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Abstract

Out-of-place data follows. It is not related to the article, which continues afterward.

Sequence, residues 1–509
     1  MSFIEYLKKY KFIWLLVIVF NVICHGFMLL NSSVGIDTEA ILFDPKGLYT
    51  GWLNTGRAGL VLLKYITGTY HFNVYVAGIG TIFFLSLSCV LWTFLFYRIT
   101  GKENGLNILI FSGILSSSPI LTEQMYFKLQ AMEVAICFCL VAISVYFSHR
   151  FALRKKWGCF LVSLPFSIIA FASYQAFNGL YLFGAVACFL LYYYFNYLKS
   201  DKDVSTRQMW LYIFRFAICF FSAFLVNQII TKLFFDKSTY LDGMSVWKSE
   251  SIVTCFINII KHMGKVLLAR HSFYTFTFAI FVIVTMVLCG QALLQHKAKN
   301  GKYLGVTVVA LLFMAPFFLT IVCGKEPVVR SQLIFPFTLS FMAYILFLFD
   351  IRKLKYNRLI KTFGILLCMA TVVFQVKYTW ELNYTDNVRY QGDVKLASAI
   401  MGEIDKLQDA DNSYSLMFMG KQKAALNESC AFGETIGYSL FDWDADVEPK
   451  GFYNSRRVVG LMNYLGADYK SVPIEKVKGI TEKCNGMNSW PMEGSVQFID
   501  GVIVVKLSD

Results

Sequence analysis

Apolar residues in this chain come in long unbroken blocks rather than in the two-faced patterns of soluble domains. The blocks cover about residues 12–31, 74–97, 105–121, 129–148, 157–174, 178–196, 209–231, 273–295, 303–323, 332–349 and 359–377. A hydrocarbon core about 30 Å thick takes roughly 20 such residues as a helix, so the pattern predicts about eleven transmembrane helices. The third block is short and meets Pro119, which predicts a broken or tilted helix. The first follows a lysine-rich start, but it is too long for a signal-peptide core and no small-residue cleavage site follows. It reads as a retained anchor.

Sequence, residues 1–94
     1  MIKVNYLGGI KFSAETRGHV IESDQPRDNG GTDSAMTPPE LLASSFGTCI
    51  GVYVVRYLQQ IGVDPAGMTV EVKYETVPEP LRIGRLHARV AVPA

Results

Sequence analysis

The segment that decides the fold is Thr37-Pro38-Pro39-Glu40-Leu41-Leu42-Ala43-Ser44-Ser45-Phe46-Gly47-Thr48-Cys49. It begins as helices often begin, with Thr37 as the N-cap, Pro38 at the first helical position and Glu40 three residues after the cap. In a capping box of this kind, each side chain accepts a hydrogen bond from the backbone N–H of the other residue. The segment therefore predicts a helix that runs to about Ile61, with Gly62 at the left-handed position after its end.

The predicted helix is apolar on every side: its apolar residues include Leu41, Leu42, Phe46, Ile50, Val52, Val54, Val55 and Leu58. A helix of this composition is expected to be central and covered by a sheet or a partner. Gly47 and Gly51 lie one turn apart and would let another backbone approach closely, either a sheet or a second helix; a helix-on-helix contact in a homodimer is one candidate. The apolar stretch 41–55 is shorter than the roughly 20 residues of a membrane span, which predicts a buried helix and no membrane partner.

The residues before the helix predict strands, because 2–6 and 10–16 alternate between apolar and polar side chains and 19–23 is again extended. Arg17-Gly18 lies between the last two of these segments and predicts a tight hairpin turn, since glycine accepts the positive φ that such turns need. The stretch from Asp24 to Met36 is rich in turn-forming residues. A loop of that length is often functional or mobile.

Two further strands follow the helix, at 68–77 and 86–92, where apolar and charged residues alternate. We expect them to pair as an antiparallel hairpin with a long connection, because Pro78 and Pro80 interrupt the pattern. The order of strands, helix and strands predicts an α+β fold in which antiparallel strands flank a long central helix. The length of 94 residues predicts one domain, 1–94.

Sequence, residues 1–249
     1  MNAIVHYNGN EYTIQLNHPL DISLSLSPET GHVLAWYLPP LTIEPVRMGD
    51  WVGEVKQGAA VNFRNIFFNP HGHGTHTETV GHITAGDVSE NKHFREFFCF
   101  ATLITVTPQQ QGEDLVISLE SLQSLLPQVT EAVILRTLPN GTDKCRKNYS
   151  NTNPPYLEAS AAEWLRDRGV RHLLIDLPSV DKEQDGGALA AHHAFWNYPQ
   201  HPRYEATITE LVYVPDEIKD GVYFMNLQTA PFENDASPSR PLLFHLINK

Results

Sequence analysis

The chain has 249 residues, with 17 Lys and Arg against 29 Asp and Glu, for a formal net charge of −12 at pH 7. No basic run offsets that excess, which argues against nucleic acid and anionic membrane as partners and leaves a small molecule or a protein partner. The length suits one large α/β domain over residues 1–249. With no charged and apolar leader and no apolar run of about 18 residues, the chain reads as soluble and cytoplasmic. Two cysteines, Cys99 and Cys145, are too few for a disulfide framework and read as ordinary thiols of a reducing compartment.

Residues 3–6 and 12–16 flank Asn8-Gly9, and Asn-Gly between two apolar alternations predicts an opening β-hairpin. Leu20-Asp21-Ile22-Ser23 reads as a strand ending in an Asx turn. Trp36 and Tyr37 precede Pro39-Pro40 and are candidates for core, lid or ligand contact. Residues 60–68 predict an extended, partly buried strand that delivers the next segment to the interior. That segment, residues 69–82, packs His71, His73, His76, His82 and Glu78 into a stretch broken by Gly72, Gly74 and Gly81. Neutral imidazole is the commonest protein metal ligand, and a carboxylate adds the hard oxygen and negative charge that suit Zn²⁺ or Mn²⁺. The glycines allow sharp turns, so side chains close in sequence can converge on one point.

Although much information has been gathered during the last decade (as a result of archaeological excavations and satellite imaging) many unresolved issues remain about desert kites. These include the precise function of these huge archaeological stone structures which are widely distributed throughout southwestern Asia. According to the common vision, kites were hunting structures used to drive and to mass-kill large herds of wild ungulates. We qualify this view by analyzing the morphology of kites, the behavior of the targeted prey, and the logistical constraints associated with the mass-killing of ungulates. This leads us to conclude that as hunting structures, kites could also have been used for passively trapping animals. We believe it to be likely that kites were used (individually or collectively) for multiple purposes, which may have altered with the passage of time. An important use (at one stage in the existence of many kites) may have been for the mustering of livestock (especially sheep and goats), and for the capture of some wild or feral species of animals suitable for domestication. Some kites may also have been utilized for religious purposes or for cultural ceremonies.

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